This May Christies
King Street celebrates 18th century porcelain with two important sales entitled White Gold. The first collection which will be offered on 12 May coincides with the 300th anniversary of the founding of the Meissen factory and is a fitting celebration of this important cultural and historic event. This single owner collection of Meissen and Viennese du Paquier is the property of The Byrnes Children Trust and consists of over 170 lots that will be offered in the morning session. The auction will be immediately followed by the afternoon sale of White Gold - 18th Century Porcelain from Vincennes and Sèvres; one of the most important selections of porcelain to appear on the market from the internationally renowned French manufactures. These two unique sales are a tribute to the great names in European porcelain, which are synonymous with quality across the world, from the Americas to the Middle East and Australia.
White Gold - 18th Century Porcelain from Meissen and du Paquier
Christies will offer the Property of The Byrnes Children Trust, a splendid collection of Meissen and du Paquier which wonderfully illustrates how Meissen designs evolved during the eighteenth century, between 1710 and 1760. The collection is a demonstration of how useful wares that were created for the rich and powerful of the day were elaborately decorated with exquisite gilding, painted scenes and sculptural decoration. As well as the service wares that Dr Byrnes has amassed over the last 40 years he has collected stunning figure groups and vases and these will all be offered in the May sale.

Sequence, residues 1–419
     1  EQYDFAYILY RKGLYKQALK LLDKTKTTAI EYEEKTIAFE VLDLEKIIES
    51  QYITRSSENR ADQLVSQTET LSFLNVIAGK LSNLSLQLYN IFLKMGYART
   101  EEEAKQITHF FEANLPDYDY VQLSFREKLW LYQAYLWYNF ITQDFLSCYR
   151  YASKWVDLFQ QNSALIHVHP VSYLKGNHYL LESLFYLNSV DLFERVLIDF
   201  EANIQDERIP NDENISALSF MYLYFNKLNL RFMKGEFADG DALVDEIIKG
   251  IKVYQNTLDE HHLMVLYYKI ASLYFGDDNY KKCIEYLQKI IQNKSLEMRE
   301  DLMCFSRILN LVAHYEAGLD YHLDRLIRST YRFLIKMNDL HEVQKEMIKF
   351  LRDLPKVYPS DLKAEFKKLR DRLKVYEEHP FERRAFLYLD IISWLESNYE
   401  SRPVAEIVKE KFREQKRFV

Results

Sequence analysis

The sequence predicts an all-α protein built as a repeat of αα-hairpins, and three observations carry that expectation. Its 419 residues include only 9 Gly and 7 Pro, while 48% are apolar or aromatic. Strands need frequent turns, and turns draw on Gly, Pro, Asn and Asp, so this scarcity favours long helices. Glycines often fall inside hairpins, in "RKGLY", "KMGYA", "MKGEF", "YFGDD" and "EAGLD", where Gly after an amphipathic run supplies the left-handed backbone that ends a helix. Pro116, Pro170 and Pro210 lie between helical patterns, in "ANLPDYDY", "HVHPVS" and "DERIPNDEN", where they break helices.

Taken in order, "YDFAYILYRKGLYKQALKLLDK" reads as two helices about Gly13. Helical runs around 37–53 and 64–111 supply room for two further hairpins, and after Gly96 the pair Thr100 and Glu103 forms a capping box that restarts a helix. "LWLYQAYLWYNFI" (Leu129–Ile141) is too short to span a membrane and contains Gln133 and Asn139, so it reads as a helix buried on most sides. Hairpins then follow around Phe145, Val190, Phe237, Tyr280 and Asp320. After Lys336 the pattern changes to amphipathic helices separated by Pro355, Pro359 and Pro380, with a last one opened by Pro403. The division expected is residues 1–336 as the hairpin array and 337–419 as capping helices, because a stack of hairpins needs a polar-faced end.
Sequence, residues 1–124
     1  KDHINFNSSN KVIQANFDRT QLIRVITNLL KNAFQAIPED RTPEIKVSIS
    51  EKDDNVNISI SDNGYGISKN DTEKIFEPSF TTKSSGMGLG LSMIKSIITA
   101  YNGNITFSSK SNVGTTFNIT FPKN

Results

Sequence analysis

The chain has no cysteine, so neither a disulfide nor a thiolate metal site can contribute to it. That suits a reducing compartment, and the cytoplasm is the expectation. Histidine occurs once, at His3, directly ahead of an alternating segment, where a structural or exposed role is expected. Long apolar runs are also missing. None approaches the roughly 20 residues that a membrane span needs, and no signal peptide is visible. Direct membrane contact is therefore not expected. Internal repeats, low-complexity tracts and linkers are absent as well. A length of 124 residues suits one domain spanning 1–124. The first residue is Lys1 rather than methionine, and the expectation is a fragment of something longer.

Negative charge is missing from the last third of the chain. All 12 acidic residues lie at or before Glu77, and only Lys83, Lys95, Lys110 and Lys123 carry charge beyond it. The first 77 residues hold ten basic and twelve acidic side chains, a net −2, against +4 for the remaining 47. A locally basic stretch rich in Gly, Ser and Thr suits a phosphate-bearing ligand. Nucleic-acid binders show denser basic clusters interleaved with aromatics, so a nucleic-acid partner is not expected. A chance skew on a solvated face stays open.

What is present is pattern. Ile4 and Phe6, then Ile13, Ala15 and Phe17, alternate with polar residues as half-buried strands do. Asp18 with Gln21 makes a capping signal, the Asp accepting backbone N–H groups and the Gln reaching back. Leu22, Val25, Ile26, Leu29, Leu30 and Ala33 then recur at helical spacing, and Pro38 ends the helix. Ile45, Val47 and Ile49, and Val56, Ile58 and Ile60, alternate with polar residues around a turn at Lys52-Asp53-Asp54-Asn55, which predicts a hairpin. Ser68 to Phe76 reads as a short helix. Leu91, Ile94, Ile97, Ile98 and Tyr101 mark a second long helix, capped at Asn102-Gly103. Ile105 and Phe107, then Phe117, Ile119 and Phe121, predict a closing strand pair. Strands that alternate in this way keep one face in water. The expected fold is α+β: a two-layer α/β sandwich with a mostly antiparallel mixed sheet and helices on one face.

Highlights include pieces from the exquisite Swan service; one of the largest services created in the 18th century, commissioned by influential statesman of the Saxon Court and director of the Meissen factory from 1733-63; Count Brühl. The pieces in this service were the triumph of J.J. Kändler, head of the Meissen sculpture workshop and the most important sculptor in porcelain of the 18th century. The collection features a bottle stand from the service (estimate: £10,000-15,000), beautifully decorated with gilding and molded with swans, herons, reeds and water, and shell cartouches enclosing the coat-of-arms.
Like Count Brühl, Augustus the Strong was a key figure in the world of ceramic collecting in the 18th century, and had a particular taste and appreciation for Meissen. He housed his collection in the Japanese Palace in Dresden, displayed alongside fine Japanese and Chinese porcelain. A blue and white vase (estimate: £40,000-60,000), was commissioned by Augustus the Strong, probably for a royal residence such as the Japanese Palace or hunting lodge. Also included in the Byrnes Children Trust collection is a selection of works by du Paquier, produced in Vienna between 1719 when the formula was stolen from the Meissen factory until 1744, when ownership passed to the Habsburg emperors. Alongside Meissen, du Paquier was the only factory to produce true, hardpaste porcelain in the early eighteenth century yet different styles began to develop and these are apparent in the collection. One particularly fine example is a gilded bowl, cover and stand (estimate: £7,000-10,000), which depicts figures in wooded landscapes and classical ruins, delicately painted in puce.